Last year when I was here I bought two pair of running shorts, from the previous year’s Falmouth Road Race.  So instead of saying 2009, the logo read 2008, and the price dropped from $20 to $5. .  I bought an Extra Large, both in grey and royal blue.  They were made by New Balance, and were the best deal of the summer.  When I tried them on this past spring, they of course didn’t fit, so I sent them to my mom along with some other clothes.  They didn’t fit her either, so she passed them along to my brother-in-law.  This year, there was no such deal, as the 2009 shorts sold out last summer.

I like the early mornings here.  A lot of people are already out jogging, bike riding, or walking their dogs.  The birds are happily chirping.  And today, the sun is out, promising another beautiful beach day.

I catch up with the girls.  They are already in mid conversation, discussing their grandkids.  Not in, “my grandkids are so amazing,” or “listen to what Ava did?”, but far more intriguing stuff.  For example, one has a daughter who lives in LA, and is head writer for a top five TV show.  She has two kids (a boy and a girl) with her ex-partner, and they share custody...four days with one and three days with the other one week, and the reverse the next week.  The arrangement works well for everyone.  The older child, a girl, is looking at boarding schools in New England.  So the discussion this morning is about the impact this might have on the boy, who would continue living in LA.  My mother and her friends are all interesting, contemporary women, and their conversations reflect it.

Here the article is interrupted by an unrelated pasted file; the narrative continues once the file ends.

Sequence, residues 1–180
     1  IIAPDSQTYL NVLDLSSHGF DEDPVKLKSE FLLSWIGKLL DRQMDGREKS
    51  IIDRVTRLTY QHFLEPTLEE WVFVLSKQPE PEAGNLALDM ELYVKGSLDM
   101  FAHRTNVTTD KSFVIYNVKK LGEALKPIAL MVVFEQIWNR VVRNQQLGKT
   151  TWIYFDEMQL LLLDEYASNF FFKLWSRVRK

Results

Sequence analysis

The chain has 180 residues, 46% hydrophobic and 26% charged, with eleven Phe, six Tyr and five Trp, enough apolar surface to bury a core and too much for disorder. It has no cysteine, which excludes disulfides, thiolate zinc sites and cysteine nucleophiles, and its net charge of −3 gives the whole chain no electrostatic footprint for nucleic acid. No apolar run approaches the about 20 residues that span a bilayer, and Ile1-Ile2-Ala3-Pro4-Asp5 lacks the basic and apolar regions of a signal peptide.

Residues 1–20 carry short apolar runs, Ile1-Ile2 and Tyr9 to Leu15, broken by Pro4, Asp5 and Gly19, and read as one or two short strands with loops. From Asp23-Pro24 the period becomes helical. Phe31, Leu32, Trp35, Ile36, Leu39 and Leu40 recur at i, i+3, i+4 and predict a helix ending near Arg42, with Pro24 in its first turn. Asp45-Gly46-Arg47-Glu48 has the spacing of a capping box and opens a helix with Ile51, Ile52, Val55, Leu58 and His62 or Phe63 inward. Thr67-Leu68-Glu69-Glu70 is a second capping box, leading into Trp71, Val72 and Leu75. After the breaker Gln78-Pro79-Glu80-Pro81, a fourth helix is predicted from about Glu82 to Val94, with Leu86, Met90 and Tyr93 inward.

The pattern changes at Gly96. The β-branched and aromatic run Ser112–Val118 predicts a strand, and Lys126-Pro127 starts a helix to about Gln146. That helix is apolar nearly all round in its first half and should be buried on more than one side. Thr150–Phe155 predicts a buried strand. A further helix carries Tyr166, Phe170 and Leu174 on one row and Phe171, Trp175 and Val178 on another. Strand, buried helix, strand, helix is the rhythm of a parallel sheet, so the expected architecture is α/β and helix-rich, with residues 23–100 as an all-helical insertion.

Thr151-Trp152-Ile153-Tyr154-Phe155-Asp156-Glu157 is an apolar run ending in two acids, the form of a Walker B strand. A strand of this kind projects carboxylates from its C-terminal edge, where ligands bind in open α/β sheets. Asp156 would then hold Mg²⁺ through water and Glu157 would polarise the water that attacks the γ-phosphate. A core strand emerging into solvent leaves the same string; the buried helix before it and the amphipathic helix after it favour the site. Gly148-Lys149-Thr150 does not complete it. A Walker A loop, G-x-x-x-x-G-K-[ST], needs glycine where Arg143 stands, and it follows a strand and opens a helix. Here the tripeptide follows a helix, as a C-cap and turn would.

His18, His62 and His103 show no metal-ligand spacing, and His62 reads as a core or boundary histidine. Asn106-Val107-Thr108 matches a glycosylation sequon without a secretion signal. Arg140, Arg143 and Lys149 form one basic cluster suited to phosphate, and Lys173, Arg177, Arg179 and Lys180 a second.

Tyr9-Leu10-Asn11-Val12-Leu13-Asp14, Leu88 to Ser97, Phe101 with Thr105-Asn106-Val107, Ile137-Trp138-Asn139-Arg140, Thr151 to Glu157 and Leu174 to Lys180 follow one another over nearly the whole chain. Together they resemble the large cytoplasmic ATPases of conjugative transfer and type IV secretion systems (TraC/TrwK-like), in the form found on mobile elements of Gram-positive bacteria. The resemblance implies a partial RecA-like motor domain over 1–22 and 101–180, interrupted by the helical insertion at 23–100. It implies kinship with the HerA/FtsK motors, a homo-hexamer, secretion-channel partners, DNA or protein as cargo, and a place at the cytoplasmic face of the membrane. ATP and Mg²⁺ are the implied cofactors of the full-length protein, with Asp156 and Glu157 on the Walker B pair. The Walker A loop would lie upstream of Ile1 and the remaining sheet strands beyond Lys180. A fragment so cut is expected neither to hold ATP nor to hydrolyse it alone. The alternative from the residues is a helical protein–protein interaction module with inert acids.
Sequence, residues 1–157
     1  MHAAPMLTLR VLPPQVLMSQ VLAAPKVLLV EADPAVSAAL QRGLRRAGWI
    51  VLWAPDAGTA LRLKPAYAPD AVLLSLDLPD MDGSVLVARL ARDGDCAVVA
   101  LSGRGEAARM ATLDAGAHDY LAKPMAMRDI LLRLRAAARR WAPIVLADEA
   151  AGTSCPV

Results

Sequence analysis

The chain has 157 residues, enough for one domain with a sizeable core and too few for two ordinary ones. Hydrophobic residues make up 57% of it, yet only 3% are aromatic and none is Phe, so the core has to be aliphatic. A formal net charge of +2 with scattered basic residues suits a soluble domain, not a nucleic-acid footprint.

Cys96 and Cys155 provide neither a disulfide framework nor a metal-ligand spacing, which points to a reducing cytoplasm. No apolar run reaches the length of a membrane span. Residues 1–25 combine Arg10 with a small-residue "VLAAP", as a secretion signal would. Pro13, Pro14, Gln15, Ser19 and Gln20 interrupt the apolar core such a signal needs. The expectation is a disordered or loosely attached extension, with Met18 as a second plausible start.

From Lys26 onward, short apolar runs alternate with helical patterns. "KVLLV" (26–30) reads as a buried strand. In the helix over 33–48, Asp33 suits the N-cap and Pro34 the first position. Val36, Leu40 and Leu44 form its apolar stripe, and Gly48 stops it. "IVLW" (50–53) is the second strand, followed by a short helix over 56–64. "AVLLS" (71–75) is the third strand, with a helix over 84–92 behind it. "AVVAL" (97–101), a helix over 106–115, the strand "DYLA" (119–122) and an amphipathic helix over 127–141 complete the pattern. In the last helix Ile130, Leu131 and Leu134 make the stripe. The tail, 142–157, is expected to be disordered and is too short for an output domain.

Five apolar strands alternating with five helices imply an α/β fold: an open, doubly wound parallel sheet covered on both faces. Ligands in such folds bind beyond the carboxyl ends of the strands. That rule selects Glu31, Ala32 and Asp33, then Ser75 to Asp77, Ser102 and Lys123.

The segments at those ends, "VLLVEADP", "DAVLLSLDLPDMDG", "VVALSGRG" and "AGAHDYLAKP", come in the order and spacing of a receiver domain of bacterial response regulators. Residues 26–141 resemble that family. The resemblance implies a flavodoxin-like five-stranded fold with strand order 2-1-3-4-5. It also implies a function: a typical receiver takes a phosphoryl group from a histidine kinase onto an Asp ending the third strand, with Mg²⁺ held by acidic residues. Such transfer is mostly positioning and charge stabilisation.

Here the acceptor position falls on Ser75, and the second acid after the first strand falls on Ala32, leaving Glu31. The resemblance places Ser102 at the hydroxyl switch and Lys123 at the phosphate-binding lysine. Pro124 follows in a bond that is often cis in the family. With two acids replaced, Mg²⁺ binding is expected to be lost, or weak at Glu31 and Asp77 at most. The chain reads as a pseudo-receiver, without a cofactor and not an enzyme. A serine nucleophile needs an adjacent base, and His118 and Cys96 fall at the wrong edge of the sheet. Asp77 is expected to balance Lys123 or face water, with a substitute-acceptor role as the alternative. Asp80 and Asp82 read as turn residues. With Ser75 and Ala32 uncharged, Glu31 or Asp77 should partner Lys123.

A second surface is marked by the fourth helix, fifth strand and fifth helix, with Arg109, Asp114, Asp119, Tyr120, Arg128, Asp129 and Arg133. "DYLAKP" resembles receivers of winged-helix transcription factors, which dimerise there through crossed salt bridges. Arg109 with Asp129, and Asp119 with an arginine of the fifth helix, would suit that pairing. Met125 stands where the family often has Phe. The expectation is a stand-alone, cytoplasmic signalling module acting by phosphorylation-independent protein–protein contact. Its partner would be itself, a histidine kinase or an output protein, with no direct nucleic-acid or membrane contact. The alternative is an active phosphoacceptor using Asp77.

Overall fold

As we are walking, June asks, “So Linder, did you get your shots this year?”  I have no idea what she is talking about.  “My shots?” I query.  “”Yes, like the ones you got last year?”  The only shot I got last year was a flu shot and I doubt J is referring to that.

My mom interprets.  “Shorts,” she says, “from the Road Race.”

Perhaps Alexander can claim fluency in understanding a foreign language on his college applications.

Tuesday, August 17, 2010

finally (lyn)